Blake and Katy's journey to reach the students of Dublin. 

"Buckshot Discipleship"

"Disciple making is not about a program or an event, but about a relationship. As we share the Gospel, we impart life. And this is the essence of making disciples, sharing the life of Christ." - Radical by David Platt


A shotgun uses a shell containing many small pellets called "buckshot." When you shoot each round, these pellets randomly fly in the direction you're aiming. Too many times The Church answers the call to discipleship with what I call "buckshot discipleship." We read "go and make disciples of all nations" in Matthew, but we act out "go and hold events with a talking head" because that's what our celebrity driven culture superimposes in our minds as leadership. (I'm not talking about size of group here. I'm referring to one person talking, everyone else listening, then we all go home.)

When you are shooting for accuracy, your rifle has a scope. You take more time to aim. You aim at a specific target. You shoot one slug on a very specific trajectory. You make small, calculated adjustments to ensure you hit your target.

Discipleship doesn't happen by accident. What if our systems of discipleship were intentional and on purpose instead of buckshot discipleship, hoping another sermon will sink in or a new relationship will somehow be formed. Like anything else, if we will evaluate our system of discipleship appropriately (small calculated adjustments), we will be more successful and better stewards of our calling.

The key is intentionality.

Jesus modeled this by ministering to many but discipling a few. He was intentional with his time. The disciples didn't receive the life transforming lessons from Jesus in the sermons He preached. They received their greatest life lessons on the road, in a boat, in a house, at dinner, on the street, through a passing comment, and even through a harsh rebuke.

The key to being intentional is creating a value system for you to measure how well you are discipling in your group/church/organization. We can't just value size and giving, expecting discipleship to happen. To quote Mel Gibson in The Patriot, "Aim small, miss small."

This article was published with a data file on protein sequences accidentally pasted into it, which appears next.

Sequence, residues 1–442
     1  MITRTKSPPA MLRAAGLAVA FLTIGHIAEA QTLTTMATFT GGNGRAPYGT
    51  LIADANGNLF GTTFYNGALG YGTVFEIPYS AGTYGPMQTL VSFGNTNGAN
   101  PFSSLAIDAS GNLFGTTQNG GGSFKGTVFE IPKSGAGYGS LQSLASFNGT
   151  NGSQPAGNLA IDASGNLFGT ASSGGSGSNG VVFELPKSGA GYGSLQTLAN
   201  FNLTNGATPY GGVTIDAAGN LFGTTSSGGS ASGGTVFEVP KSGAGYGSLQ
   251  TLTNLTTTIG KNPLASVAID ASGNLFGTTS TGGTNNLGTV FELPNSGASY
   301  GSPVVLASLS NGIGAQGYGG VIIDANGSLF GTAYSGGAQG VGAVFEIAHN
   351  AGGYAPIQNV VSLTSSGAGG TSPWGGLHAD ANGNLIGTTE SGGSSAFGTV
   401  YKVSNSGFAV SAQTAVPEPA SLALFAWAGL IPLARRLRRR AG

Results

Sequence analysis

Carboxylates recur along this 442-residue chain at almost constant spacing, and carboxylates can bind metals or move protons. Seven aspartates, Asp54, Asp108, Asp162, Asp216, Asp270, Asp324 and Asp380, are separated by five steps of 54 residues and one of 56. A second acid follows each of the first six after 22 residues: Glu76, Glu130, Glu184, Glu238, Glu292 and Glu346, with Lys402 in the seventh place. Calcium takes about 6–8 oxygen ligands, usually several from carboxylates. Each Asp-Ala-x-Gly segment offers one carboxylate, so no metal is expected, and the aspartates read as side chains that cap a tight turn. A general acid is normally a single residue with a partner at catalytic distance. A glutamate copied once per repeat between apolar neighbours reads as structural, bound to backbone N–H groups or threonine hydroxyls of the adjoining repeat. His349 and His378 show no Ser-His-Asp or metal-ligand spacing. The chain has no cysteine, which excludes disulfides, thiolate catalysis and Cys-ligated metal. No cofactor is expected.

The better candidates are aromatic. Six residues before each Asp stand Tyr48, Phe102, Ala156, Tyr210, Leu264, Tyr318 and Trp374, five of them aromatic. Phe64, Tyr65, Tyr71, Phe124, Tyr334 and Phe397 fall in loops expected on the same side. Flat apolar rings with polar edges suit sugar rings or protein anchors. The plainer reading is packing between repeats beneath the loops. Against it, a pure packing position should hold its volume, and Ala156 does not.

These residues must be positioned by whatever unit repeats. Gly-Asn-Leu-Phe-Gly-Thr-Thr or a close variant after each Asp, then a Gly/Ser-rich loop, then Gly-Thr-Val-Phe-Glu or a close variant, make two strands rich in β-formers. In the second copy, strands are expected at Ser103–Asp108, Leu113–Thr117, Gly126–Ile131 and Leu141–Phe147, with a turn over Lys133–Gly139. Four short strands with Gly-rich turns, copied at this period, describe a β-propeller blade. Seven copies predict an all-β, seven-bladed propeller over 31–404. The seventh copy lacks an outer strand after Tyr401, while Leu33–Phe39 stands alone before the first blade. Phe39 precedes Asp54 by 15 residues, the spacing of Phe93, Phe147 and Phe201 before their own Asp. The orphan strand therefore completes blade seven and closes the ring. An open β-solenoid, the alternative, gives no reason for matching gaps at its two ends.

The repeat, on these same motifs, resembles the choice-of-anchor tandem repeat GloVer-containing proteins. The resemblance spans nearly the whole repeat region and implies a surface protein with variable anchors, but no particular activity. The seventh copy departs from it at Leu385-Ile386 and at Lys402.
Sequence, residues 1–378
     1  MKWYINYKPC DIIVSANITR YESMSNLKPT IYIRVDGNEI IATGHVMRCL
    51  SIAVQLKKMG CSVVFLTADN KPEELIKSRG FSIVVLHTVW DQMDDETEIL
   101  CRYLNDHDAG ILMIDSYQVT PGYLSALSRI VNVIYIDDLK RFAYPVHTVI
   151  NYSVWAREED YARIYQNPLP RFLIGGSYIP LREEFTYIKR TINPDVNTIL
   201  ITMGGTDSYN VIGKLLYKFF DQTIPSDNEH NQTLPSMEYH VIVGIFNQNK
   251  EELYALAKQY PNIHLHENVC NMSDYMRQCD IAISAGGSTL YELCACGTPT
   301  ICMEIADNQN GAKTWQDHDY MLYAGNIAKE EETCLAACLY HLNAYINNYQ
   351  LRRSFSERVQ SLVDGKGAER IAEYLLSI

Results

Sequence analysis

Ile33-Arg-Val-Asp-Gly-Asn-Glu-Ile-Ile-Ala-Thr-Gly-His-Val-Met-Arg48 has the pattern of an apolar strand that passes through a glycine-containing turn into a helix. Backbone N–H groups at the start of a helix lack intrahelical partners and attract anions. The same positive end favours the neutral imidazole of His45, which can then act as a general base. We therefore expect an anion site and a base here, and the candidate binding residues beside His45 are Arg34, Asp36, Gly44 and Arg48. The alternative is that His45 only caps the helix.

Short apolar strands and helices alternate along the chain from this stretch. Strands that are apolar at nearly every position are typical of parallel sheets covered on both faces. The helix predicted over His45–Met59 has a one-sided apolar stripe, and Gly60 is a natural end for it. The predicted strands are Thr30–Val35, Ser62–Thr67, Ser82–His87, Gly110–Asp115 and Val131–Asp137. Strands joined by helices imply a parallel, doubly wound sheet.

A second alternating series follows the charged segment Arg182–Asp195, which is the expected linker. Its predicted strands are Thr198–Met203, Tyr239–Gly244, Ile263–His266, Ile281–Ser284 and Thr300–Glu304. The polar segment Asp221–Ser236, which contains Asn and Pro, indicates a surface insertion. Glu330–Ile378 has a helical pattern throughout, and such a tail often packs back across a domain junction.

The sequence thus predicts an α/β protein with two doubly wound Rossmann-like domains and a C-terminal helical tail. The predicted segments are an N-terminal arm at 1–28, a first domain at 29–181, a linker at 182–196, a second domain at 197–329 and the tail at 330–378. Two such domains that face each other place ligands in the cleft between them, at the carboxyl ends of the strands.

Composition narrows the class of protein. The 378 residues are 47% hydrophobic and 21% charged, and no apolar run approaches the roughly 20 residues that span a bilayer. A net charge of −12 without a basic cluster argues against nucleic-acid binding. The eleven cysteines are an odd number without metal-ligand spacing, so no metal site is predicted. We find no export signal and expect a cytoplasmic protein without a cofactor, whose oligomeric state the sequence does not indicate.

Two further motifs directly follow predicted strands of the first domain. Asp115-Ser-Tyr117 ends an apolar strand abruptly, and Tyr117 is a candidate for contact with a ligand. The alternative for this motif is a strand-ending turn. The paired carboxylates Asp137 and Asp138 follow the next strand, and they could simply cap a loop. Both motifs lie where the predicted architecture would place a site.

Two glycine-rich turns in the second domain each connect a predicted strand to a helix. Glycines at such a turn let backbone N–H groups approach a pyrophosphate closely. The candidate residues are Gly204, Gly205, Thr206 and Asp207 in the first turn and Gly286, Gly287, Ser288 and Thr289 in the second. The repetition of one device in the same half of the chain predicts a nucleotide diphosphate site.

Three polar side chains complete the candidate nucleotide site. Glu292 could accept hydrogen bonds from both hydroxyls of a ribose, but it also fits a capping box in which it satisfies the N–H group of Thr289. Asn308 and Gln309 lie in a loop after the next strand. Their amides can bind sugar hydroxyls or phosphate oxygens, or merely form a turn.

Here are some questions asked in an intentional value system. Is Jesus at the center? Is there community? Is it a safe place? Is every member moving towards maturity? Is every member being used in ministry? Is our group multiplying? (these examples are from Fusion: Fueling a Student Movement - Dave Short) As you can see, these questions would be tough to ask about a large group of people so I suggest smaller discipleship groups. When you get to around 15 people, you should already have leaders emerging (every member to ministry) and be able to multiply the group.

I challenge The Church to stop attempting "buckshot discipleship," hoping that our current value systems will somehow produce discipleship. We must be good stewards of the Great Commission and place measurable values on our "discipleship" programs. We must ask intentional questions to see true, intentional discipleship in our ministries.

(suggested resources for discipleship: Master Plan of Evangelism: Robert E. ColemanFusion materials (a great framework to build your system of discipleship).

Jesus with the Disciples_discipleship.jpg

I Could Never Be An Evangelist


The other day I was reading a book about programming church services (The Art Of Curating Worship, link), and I had a realization. I realized that I could never be an evangelist.

I know a few things about myself. I love building teams. I love pouring my life into people and watching them grow and succeed. I love building systems and structures.

Many of these are things that an evangelist misses out on when preaching from church to church. I thank God for evangelists. Having tasted a bit of what their life is like, I appreciate them now more than ever. I am learning that I am simply not wired, created for, or called to that life.

I am learning that in life, we go through phases that feel "against the grain" to our God-given desires, gifts, and abilities. This season of support raising from church to church is one of these phases for Katy and me. That's OK.

We learn the most when we're out of our element. We learn gifts we never knew we had, how we act/react when we're uncomfortable, or how to be content in the Lord. As we walk through these times, we must always remember where our sweet spot is...mine is discipleship, building teams, and leading worship. If we lose focus of the big picture, we can stray and get stuck in these transitional "against-the-grain" phases of life.

Focus. Focus on your sweet spot. God will take care of the rest. If we will just remember God's purpose for our life...our sweet spot...we will be able to face anything "against the grain."

  • Are you in a time that feels "against the grain?"
  • How have you made it through times like this in your life?

Katy and I are working extremely hard to raise money so we can get to Ireland. We are content in the Lord, but I can't describe how ready we are to get to Ireland. We are so appreciative of your prayers.

Thank you.